Sunday, January 7, 2007
DaimlerChrysler has announced that its long time general counsel, Bill O'Brien, is retiring, and his successor will be Gerd Becht, who is described over at Law.com as follows:
Becht, who is German, spent much of his career with multinational companies, including 13 years at General Motors Europe AG, three years at Banque Paribas and eight years at AEG Aktiengesellschaft. Going to DaimlerChrysler made sense: "If you look at my résumé, there's a strong emphasis on international legal education and business alignment."
Alan Childress is our resident scholar on comparative legal professions, and my observations are anecdotal, but I would have been shocked to have seen this fifteen years ago when I was heavily involved in negotiating deals with German companies. My impression then was that continental lawyers were more academically inclined than business-oriented, removed from the business people themselves, and viewed by their clients essentially as scriveners, not counselors. While there were exceptions (the general counsel of Robert Bosch GmbH, Dieter Berg, was a dynamite lawyer under anybody's standards), Becht's view of cross-cultural and cross-functional linkage was certainly not the norm in European legal circles.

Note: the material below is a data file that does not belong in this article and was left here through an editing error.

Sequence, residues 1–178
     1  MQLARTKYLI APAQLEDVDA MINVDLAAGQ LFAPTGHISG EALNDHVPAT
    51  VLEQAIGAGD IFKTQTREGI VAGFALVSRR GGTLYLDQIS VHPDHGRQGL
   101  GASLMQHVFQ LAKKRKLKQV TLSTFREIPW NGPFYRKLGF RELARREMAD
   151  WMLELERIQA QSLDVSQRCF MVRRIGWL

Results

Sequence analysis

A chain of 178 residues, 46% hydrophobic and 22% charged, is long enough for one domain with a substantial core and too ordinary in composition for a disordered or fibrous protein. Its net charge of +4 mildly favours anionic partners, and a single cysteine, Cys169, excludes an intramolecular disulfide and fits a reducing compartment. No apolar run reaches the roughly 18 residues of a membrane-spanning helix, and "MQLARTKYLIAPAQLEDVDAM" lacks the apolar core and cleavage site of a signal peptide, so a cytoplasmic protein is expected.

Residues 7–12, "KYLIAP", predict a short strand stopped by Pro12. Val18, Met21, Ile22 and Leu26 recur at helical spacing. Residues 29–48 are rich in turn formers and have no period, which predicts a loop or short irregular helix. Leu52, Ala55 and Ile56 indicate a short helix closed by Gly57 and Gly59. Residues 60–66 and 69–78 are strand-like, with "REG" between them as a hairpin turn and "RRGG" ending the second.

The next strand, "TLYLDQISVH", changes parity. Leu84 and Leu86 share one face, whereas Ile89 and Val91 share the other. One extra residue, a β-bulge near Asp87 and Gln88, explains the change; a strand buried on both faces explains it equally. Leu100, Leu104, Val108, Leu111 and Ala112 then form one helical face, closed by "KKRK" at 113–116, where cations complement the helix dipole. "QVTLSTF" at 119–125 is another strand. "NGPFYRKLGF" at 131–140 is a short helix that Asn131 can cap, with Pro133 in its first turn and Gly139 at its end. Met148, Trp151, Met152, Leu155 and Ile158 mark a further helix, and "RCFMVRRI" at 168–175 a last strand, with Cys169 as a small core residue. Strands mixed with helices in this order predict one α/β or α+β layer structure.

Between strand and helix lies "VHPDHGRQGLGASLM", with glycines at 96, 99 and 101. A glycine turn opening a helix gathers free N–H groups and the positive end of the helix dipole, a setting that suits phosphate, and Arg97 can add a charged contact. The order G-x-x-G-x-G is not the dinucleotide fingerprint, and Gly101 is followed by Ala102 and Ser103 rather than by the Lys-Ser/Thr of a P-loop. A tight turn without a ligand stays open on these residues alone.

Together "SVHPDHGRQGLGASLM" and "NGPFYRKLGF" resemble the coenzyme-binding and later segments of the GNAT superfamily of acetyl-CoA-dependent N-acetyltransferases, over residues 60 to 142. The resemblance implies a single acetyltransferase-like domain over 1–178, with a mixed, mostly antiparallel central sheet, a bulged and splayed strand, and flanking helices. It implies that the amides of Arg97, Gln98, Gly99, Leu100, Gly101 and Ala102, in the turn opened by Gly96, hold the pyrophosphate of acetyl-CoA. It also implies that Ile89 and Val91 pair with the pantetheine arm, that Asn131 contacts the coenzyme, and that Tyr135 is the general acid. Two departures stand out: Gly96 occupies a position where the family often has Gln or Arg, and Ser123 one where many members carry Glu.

In the meantime, oh Lord, won't you buy me a Mercedes-Benz?